Reg Hartt: You’d have to ask them. My lawyer called. He told me THE SUN was doing a story. He had been in court that day over the case. He said THE CROWN agreed to drop the manufacturing and distribution charges as there was no evidence to back them up. If I plead guilty I could serve weekends.

Question: That sounds good. Why didn’t you?

Reg Hartt: Because I would then be on a sex offenders list; I would not be able to travel to many countries; the police had not found the file they listed on their warrant. This was a set-up. The file they did find was one I had pointed out to them.

Question: Why did you have that file? What was in it.

Reg Hartt: The file contained pictures of Byran Jesse Marrson Dumanch. He lived on an army base in Germany. He had become an internet porn star in his youth.

Question: How did that happen?

Reg Hartt: Not the way it usually does. Usually it is one or more men behind the scenes. In his case from what I understand it was his mother.

Question: His mother!?! What kind of mother does that to her child?

Reg Hartt: Billy Veltzell, the man I met when I arrived in Toronto after I walked out of high school in Sault Ste. Marie, was put to work by his mother at ten servicing her johns for extra money. It happens a lot actually.

Question: Why are you interested in Dumanche?

Reg Hartt: The better question is why aren’t you?

Question: Had not thought of that.

Reg Hartt: Most don’t. Like Dumanche I became sexually active at an early age.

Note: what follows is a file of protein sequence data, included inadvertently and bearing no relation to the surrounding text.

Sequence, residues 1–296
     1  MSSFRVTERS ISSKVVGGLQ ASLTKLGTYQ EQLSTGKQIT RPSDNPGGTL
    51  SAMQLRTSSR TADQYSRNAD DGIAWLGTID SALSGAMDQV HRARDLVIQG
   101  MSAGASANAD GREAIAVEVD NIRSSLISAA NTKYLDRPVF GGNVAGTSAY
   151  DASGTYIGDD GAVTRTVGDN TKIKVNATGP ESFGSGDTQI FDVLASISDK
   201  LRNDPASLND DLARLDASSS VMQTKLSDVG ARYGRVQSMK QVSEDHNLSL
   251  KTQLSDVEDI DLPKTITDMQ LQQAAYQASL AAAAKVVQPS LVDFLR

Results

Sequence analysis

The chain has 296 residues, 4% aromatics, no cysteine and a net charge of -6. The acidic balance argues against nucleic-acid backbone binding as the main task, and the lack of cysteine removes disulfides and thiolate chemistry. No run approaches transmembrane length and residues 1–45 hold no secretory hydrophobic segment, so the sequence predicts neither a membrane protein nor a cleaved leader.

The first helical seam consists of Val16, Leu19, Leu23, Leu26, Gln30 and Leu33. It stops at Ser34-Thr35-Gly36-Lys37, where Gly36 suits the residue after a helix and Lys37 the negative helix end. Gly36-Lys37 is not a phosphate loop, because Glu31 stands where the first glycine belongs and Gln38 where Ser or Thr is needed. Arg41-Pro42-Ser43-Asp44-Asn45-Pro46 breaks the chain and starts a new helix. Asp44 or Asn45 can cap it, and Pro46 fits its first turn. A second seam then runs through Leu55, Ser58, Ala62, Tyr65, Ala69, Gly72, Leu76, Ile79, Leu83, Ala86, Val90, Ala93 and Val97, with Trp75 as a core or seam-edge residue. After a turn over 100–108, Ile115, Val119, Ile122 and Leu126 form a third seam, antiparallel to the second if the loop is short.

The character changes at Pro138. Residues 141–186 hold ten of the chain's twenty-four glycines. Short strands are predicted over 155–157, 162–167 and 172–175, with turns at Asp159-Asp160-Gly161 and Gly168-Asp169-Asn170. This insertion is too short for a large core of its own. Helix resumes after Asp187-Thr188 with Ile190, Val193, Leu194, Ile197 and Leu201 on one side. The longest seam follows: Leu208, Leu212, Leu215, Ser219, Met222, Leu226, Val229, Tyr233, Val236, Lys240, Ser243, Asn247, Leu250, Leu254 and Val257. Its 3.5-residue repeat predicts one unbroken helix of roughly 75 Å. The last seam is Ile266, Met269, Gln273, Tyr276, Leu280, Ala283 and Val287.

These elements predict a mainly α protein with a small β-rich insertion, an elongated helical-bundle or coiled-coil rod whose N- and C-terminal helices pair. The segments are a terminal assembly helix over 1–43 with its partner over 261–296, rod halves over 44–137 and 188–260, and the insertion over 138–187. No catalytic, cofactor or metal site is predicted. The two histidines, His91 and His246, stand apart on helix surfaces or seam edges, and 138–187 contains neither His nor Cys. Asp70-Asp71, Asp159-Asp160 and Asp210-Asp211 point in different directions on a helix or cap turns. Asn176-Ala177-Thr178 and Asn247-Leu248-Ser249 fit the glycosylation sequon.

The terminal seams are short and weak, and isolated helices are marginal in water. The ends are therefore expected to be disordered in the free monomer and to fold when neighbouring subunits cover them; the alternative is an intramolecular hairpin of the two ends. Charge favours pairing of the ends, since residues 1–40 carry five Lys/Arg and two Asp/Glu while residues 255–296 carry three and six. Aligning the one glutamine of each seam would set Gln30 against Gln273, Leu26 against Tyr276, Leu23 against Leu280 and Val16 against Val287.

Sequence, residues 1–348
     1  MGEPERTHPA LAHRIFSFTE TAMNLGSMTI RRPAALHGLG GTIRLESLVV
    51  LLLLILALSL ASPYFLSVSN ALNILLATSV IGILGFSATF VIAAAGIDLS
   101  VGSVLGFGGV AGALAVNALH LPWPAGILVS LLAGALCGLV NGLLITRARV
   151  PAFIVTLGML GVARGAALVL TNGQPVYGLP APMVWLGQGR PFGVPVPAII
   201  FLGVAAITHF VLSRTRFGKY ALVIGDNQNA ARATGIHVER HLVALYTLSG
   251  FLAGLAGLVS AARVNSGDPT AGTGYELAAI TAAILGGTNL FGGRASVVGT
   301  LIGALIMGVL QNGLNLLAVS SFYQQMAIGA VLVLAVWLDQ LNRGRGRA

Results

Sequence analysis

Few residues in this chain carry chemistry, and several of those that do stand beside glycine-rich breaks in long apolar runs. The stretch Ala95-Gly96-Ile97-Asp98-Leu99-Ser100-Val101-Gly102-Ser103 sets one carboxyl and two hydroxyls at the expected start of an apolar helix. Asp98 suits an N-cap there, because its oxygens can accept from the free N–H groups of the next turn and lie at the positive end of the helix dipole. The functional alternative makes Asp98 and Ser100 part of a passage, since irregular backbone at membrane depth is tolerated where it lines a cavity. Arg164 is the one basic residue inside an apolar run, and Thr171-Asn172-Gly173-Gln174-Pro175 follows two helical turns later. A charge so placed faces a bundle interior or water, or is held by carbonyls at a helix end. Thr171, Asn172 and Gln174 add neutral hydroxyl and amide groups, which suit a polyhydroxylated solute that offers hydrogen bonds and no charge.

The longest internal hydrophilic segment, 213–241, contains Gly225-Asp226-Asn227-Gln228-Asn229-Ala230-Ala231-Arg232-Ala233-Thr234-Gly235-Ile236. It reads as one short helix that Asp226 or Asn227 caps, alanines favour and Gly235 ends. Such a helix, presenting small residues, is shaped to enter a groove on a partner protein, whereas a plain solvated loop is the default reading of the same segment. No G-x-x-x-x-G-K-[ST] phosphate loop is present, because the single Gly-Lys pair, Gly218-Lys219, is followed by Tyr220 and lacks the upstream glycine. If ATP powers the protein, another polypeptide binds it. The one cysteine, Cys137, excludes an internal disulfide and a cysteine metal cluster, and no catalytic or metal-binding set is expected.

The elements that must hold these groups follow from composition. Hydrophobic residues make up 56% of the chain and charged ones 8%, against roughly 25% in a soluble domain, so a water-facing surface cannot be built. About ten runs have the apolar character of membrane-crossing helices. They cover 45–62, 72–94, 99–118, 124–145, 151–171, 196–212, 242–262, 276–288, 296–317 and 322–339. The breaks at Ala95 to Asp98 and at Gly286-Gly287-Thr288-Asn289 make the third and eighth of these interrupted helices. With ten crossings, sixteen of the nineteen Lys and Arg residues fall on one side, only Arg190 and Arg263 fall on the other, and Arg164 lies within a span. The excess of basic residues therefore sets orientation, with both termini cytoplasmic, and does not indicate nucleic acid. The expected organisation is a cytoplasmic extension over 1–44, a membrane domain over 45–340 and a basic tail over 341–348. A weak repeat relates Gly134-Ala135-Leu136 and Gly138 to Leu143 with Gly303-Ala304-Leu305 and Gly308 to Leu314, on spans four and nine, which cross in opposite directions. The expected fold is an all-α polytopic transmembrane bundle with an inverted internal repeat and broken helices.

Question: How old were you? How did that happen? Were you seduced?

Reg Hartt: I was six. My cousin, who was five, and I came across some older boys in their teens naked doing stuff I never dreamed we could do in the bush behind my father’s family’s house in Minto, New Brunswick. I asked my cousin, “What are they doing?” He said, “Fucking.” I said, “What’s that?” He pulled out his dick and said, “Let me show you.” He was circumcised. I thought I had something wrong with my dick when I saw his. He knew more at five than I knew at six.

Question: Were you just interested in boys?

Reg Hartt: No. I was fascinated by sex. All kids are. I had no idea such a small part of our body was capable of such immense sensation. We got all our cousins naked, male and female. We were kids playing. We were innocent. It was not until one of my aunts, Aunt Cecilia, caught us that we learned when you play these games you post a guard.